Vermont’s two senators, Democrat Patrick Leahy and Independent Jim Jeffords, believe that hearings should be held on the Bush administration’s secret domestic wiretapping program before a censure vote is held.

Sen. Russ Feingold, D-WI, has introduced a resolution calling for censure, accusing Pres. George Bush of violating the Constitution and the 1978 Foreign Intelligence Surveillance Act.

Few Democrats have openly come out in support of the measure.

“Sen. Feingold says he intended his resolution to prompt congressional investigations into the president’s actions on these issues. Republican leaders so far have been reluctant to allow that,” said David Carle, a Leahy spokesman. “Sen. Leahy believes in first things first, and the first thing is Congress doing its oversight duty in investigating the Bush administration’s illegal domestic wiretapping.”

The Senate Judiciary Committee, on which both Leahy and Feingold sit, have held two hearings on the domestic surveillance program.

Jeffords “would like to have hearings on the resolution,” said Diane Derby, a spokeswoman.

On Jan. 20, Leahy introduced a resolution that would put the Senate on record refuting Pres. Bush’s assertion that the Authorization for the Use of Military Force, passed before the invasion of Afghanistan, authorized warrantless eavesdropping on U.S. citizens, Carle added.

“Both the Feingold and Leahy resolutions have been referred to the Judiciary Committee, and Sen. Leahy has been pushing for full congressional investigations and oversight of the issues that both resolutions address,” said Carle.

Feingold’s resolution reads, in part:

“Resolved that the United States Senate does hereby censure George W. Bush, president of the United States, and does condemn his unlawful authorization of wiretaps of Americans within the United States without obtaining the court orders required.”

Feingold’s resolution states censure is warranted by Bush’s “failure to inform the full congressional intelligence committees as required by law, and his efforts to mislead the American people about the authorities relied upon by his administration to conduct wiretaps and about the legality of the program.”

The only president ever censured by the Senate was Andrew Jackson, in 1834, for removing the nation’s money from a private bank in defiance of the Whig-controlled Senate. In 1999, Senate Republicans tried but failed to bring a censure resolution against Pres. Bill Clinton after he was acquitted by the Senate on House impeachment charges that he committed perjury and obstructed justice.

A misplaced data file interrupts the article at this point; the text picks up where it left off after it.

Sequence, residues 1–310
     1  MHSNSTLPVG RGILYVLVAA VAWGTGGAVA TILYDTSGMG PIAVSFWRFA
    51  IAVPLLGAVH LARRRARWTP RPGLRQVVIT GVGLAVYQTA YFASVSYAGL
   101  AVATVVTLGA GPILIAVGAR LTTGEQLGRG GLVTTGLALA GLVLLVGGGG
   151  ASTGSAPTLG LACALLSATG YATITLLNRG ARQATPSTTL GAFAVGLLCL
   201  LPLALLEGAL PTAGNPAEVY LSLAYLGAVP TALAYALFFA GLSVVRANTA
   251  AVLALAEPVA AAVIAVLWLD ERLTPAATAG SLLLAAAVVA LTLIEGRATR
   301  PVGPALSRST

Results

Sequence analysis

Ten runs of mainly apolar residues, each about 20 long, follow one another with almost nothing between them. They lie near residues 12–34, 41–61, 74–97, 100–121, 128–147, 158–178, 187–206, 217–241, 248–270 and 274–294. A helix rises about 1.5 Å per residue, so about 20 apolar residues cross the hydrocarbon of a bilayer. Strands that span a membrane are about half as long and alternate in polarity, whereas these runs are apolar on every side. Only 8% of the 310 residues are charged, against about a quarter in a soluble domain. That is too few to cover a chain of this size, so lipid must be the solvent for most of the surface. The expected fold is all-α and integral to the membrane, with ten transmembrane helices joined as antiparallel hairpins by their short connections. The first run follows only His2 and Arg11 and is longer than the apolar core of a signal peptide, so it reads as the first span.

Feingold was the lone senator to oppose the 2001 Patriot Act. Two weeks ago, he was joined by Jeffords, Leahy and seven other senators in opposing a renewal of the law with some new curbs on police powers.

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Terror alerts conveniently timed

NEW YORK — Over the last three years, political problems for the Bush administration have frequently coincided with the announcement of changes in alert status, arrests, and other warnings about potential terrorist threats. The list was released last week by MSNBC personality Keith Obermann, who posted the details on his blog.

While noting that “just because Event ‘A’ occurs, and then Event ‘B’ occurs, that does not automatically mean that ‘A’ caused ‘B’,“ Obermann concludes that the sheer number of coincidences “underscores the need for questions to be asked in this country — questions about what is prudence, and what is fear-mongering.”

Here are some highlights:

  • On May 18, 2002, details of the president’s daily briefing of Aug. 6, 2001, are revealed, including its title, “Bin Laden Determined To Strike In U.S.” Two days later, FBI Director Robert Mueller declares another terrorist attack “inevitable.” The following day, the Department of Homeland Security (DHS) issues warnings of attacks against railroads and New York City landmarks.
  • On June 6, 2002, Colleen Rowley, the FBI agent who tried to alert her superiors to the specialized flight training taken by Zacarias Moussaoui, testifies before Congress. Four days later, Attorney General John Ashcroft reveals that Jose Padilla is under arrest, accused of plotting a bomb attack. By this time, Padilla has been detained for more than a month.
  • On Feb. 5, 2003, Secretary of State Colin Powell tells the UN Security Council about Iraq’s concealment of weapons, justifying a UN or U.S. first strike. Two days later, amidst anti-war demonstrations around the world, Homeland Security Secretary Tom Ridge cites “credible threats” by al-Qaeda, and raises the terror alert level to orange.
  • On July 24, 2003, a congressional report on 9/11 concludes that Iraq had no link to al-Qaeda. Five days later, amid headlines about U.S troops abusing Iraqi prisoners, the Department of Homeland Security issues warnings of further terrorist attempts to use aeroplanes for suicide attacks.
  • On Dec. 17, 2003, 9/11 Commission Co-Chairman Thomas Kean says the attacks were preventable. The next day, the chief U.S. weapons inspector in Iraq, David Kay, who has found no weapons of mass destruction, announces he will resign. Three days later, DHS again raises the threat level to orange, claiming “credible intelligence” of further plots to crash airliners into U.S. cities.
  • On March 30, 2004, the new chief weapons inspector in Iraq tells Congress that investigators still haven’t found any WMD. Three days later, DHS issues a warning that terrorists may try to blow up buses and trains.
  • On July 6, 2004. Democratic presidential candidate John Kerry selects U.S. Sen. John Edwards as his running mate, producing a swing in media attention. Two days later, DHS Secretary Ridge warns of information about expected al-Qaeda attacks during the summer or autumn.
  • On July 29, 2004, the Democrats nominate Kerry for president. Three days later, the DHS raises to orange the alert status for financial centers in New York, New Jersey, and Washington. The evidence proves to be four years old and out-of-date.
  • On Oct. 6, 2005, the press reports that Karl Rove will testify again to the CIA leak grand jury, and that the special prosecutor can’t guarantee that he will not be indicted. Hours later, New York officials disclose a bomb threat to the city’s subway system, based on information supplied by the federal government and later proven false.